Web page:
Thomas Sowell recently published a 14 page pamphlet: “Trickle Down” Theory and “Tax Cuts for the Rich”.
Thomas Sowell has pointed out on many occasions that no such economic theory, known as "trickle down", exists. You read that correctly, in all of economic literature no such theory exists. Sowell is correct, no such theory known as “trickle down” exists within the realm of economics. That "trickle down" and its companion "tax cuts for the rich" are merely notional political concepts and such misinterpretation goes all the way back to the 1920's.
Sowell has expressed the concepts which appear in the pamphlet many times, but this time around he expands upon the argument in that he clearly delineates between the change in behavior associated with taxes reductions and the mistaken conclusion of change in income flows to a particular class.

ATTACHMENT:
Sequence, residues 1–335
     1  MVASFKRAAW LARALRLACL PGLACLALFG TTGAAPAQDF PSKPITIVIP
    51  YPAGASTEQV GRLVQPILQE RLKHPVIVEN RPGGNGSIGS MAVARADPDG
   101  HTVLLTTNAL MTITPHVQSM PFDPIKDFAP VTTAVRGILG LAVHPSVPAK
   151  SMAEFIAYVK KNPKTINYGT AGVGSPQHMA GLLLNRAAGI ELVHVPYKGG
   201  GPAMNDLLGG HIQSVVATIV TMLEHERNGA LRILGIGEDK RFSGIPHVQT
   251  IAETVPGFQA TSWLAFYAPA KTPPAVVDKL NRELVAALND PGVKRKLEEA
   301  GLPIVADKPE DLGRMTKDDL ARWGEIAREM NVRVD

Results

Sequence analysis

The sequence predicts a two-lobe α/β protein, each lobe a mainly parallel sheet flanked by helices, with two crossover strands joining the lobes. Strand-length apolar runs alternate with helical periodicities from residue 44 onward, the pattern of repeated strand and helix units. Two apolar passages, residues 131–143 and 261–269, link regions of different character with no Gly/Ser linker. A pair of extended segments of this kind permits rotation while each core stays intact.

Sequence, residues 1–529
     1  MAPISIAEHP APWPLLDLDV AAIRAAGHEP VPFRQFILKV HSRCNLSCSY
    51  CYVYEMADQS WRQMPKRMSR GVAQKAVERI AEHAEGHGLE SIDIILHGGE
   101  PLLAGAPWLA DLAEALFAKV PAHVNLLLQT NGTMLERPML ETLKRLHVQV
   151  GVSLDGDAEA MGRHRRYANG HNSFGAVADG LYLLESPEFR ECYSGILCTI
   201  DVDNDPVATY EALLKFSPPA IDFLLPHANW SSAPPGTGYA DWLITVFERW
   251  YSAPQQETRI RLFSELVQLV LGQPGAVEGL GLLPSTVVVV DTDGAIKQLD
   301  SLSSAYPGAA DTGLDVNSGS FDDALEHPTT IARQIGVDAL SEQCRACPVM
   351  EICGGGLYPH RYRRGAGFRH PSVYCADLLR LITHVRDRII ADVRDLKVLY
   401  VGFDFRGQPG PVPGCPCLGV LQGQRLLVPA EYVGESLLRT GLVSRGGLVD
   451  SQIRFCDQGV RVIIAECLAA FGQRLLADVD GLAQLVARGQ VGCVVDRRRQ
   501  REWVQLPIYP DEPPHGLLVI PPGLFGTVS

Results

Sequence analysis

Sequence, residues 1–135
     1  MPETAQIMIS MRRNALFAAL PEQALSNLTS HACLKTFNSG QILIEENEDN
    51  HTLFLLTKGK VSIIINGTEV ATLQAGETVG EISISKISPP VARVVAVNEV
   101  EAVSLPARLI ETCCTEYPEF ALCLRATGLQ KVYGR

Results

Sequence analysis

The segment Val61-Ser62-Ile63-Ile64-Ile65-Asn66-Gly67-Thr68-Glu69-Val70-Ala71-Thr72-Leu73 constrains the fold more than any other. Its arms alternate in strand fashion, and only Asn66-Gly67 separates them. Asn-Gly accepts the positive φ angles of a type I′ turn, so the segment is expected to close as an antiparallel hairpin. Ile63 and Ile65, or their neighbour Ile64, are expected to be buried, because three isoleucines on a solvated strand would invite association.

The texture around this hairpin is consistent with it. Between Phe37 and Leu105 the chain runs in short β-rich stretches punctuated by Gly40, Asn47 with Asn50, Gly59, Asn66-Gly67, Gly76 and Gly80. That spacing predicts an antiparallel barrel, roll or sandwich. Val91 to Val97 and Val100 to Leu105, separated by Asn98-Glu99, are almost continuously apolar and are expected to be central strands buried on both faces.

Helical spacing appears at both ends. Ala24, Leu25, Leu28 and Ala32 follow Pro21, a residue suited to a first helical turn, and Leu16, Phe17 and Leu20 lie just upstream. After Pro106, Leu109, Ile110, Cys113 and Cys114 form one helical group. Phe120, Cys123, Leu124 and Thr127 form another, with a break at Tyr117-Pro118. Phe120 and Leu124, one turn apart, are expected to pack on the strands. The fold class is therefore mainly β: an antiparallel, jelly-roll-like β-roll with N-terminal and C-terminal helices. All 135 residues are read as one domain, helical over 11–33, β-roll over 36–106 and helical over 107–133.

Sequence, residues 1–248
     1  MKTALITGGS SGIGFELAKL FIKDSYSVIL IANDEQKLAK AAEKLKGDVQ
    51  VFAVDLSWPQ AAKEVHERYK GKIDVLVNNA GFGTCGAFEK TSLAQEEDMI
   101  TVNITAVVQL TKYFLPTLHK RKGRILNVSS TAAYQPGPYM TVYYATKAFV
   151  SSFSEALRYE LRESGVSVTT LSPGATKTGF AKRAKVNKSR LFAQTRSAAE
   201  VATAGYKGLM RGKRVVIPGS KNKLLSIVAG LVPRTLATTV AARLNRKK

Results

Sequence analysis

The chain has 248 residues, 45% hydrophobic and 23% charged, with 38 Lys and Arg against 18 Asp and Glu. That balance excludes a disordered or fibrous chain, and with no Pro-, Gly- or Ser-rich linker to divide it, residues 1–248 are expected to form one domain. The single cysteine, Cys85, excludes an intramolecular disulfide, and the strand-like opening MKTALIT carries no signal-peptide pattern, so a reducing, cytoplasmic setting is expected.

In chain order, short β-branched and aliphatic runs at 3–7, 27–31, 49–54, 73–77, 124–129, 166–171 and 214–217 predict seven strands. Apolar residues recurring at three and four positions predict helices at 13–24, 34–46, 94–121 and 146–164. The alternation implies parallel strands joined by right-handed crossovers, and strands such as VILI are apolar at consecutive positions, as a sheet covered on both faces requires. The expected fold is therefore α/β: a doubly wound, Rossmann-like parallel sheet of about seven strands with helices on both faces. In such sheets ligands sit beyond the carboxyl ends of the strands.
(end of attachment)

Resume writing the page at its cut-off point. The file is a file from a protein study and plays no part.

Also, left out of the discussion by many pundits, talking heads and commentators is Andrew Mellon. Mellon merely showed the paradox between lower tax rates and higher government revenue. Mellon’s book Taxation: The People’s Business is in fact a discussion of the change in behavior regarding taxes. (1)
However, Mellon has been vilified by many mainstream historians based on notional propositions without looking at the hard data. Mellon was correct and these particular historians are wrong. Maybe particular historians enjoy vilifying Mellon as he was FDR’s favorite target of: bring government powers to bear against an individual citizen due to FDR’s own personal notional vendetta.(2)
Link to Sowell’s recent publication appears below:
(1) Andrew W. Mellon, Taxation: The People’s Business, New York, The Macmillan Company, 1924.
(2) Burton Folsom Jr., New Deal or Raw Deal, NewYork, Simon and Schuster, 2008, pages 159-162.